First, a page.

Drexel makes history, wins Dad Vail for first time

Drexel makes history, wins Dad Vail for first time
May 11, 2013, 8:30 pm
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As the Drexel men’s varsity heavyweight eight boat came floating toward the grandstand after its race, a resounding applause welcomed them home.

It was the sound of Drexel making history.

The Dragons’ crew team, who had never won the decorated Aberdeen Dad Vail Regatta, etched their name into the event’s prestigious record book by winning the overall points total Saturday in front of their hometown fans.

“It’s great to bring it back to Philly,” senior captain Kurt Linton said. “Rowing here every day, putting in the work and seeing it come to fruition right here on the home river — it’s great.”

Drexel compiled 45 points to best Grand Valley State University’s 33. To do so, the Dragons piled up the gold medals, earning first place in the men’s novice heavyweight (05:54.723), women’s JV heavyweight eight (06:50.013) and the men’s varsity pair (07:03.697). They also placed second in the men’s JV heavyweight eight and third in the women’s varsity heavyweight eight.

But it was the men’s varsity heavyweight eight that punctuated the day along the Schuylkill River.

Entering the heat, Drexel was slated as clear underdogs to perennial power Florida Institute of Technology. The Dragons, though, won in impressive fashion, jumping out to a sizeable lead and never relinquishing it with a time of 05:42.605.

“We’ve always had a quick start all year,” Linton, a South Jersey native, said. “We were just relaxed, focused, we knew what we had to do. It wasn’t anything magical, it was just, we put in the work [and] we knew what it was like.”

The other eight that joined Linton in the upset were Marc Smith, Casimir Czworkowski, Mike Faust, John Pieper, Sebastian Ryan, Lorenzo Albala, Aleksandar Radovic and Vanja Busic.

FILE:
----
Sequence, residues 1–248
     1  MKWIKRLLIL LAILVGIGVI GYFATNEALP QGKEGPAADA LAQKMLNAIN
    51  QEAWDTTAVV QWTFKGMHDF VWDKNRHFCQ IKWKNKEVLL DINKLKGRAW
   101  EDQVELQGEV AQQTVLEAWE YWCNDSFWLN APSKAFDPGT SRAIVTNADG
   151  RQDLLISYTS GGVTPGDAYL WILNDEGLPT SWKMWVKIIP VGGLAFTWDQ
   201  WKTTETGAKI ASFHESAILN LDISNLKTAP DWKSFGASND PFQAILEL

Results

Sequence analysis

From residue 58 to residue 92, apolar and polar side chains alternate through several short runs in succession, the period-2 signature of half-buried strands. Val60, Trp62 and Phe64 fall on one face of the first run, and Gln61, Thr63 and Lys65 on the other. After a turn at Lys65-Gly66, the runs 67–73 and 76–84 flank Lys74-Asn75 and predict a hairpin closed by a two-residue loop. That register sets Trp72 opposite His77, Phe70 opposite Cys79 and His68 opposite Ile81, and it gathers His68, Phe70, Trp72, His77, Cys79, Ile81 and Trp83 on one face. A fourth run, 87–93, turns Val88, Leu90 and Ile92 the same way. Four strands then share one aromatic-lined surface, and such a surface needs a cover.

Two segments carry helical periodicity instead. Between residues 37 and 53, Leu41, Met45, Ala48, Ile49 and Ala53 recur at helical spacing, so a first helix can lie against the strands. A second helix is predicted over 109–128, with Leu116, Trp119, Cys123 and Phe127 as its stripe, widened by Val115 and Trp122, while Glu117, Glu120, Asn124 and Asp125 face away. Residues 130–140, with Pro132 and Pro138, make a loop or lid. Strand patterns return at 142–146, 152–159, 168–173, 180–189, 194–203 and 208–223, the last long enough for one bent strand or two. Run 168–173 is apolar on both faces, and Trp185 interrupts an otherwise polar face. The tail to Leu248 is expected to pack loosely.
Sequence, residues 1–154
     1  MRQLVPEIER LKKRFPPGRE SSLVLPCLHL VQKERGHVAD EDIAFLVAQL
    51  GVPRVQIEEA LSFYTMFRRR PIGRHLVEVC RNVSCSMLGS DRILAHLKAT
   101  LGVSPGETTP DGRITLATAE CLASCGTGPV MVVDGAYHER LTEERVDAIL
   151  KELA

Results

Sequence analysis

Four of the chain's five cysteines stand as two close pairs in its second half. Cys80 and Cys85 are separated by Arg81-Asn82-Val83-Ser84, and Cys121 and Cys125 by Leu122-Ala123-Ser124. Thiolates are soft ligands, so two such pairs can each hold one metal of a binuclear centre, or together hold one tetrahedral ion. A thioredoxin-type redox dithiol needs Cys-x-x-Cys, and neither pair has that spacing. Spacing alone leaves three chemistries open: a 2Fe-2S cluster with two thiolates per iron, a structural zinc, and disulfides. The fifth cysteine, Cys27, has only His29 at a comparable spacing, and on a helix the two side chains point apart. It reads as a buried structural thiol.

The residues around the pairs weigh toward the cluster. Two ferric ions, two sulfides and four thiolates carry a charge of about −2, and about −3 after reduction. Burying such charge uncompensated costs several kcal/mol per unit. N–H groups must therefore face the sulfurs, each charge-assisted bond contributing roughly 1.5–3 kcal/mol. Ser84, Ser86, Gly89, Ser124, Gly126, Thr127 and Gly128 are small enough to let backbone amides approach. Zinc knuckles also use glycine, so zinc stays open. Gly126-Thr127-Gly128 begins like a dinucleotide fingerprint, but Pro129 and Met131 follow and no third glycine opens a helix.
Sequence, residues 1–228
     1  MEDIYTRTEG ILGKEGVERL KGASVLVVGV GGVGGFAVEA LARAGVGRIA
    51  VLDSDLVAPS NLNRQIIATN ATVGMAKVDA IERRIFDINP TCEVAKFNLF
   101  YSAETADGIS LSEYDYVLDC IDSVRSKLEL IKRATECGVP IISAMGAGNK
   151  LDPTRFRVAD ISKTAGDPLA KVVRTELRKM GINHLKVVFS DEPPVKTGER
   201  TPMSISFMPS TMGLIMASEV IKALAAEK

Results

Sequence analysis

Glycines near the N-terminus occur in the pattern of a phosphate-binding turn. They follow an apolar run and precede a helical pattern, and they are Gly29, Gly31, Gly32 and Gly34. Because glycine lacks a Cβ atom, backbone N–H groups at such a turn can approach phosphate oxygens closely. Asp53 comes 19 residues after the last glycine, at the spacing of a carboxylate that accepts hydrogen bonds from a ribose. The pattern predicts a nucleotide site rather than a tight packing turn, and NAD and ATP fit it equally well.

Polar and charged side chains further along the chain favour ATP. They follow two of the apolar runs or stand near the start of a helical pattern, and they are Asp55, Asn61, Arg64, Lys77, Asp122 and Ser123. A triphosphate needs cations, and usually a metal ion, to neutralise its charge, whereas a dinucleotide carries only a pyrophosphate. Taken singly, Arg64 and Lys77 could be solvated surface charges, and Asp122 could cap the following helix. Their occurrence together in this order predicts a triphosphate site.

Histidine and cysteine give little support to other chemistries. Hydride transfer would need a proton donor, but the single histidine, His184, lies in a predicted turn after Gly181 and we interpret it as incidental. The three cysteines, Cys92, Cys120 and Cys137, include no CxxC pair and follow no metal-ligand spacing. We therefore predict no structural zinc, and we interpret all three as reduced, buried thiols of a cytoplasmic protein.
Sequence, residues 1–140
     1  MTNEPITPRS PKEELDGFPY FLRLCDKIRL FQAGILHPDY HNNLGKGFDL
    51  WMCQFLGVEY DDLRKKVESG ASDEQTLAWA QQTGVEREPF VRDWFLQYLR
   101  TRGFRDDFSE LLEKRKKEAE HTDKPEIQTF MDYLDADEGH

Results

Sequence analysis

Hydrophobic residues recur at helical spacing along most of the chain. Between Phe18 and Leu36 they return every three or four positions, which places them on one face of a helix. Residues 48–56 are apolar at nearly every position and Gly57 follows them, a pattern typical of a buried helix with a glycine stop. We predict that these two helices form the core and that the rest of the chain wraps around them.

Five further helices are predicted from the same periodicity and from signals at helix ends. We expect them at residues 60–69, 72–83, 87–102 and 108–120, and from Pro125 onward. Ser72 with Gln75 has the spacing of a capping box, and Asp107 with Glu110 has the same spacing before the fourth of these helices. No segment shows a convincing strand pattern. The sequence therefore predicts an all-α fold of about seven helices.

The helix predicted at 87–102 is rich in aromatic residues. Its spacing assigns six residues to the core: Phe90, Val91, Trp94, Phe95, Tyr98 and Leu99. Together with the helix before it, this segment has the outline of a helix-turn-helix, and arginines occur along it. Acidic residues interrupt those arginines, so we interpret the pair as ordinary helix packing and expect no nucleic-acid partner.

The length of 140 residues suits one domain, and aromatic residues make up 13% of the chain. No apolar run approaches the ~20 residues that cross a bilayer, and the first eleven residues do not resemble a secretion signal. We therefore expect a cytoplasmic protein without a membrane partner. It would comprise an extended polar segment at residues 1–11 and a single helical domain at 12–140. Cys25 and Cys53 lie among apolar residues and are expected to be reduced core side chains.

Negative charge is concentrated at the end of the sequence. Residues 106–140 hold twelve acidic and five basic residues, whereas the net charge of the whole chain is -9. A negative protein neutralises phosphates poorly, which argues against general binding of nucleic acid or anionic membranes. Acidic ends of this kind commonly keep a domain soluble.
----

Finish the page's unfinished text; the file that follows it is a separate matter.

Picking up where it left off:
“I can’t be more proud of these guys,” Linton said. “I absolutely don’t take credit for it; it’s a group thing and that’s a cliché thing, but it really is. It’s nine guys just motivating each other and it was just thrilling.”

For Drexel, the mystique of the Dad Vail was all the motivation needed, but add in the fact that the Dragons fell two points shy last season of their first-ever Dad Vail crown, and Drexel needed no reminder of its main goal.

“Since that finish last year, it was definitely in everyone’s minds,” Linton said. “It never had to be said, it never had to be written down. Everyone knew what the goal was and this was it right here.”

Saturday marked the 75th Dad Vail, which consisted of 127 schools, making it the largest collegiate regatta in North America.

“This is our biggest event,” said junior Elizabeth Campanella, who won gold with Drexel’s JV women’s heavyweight eight group. “We’ve put in so much hard work, waking up early mornings and we really push each other to do our best.

“I really think this day has proven that.”

Prior to Saturday’s finish, Drexel crew had won 11 gold medals, seven silver and 14 bronze at the Dad Vail, dating back to 1958 — but never a team championship.

“I’m just so proud of them,” Drexel’s director of rowing Paul Savell said.

Is it now Drexel’s time for rowing supremacy?

“It feels good, it feels good,” Savell said. “I think so.”

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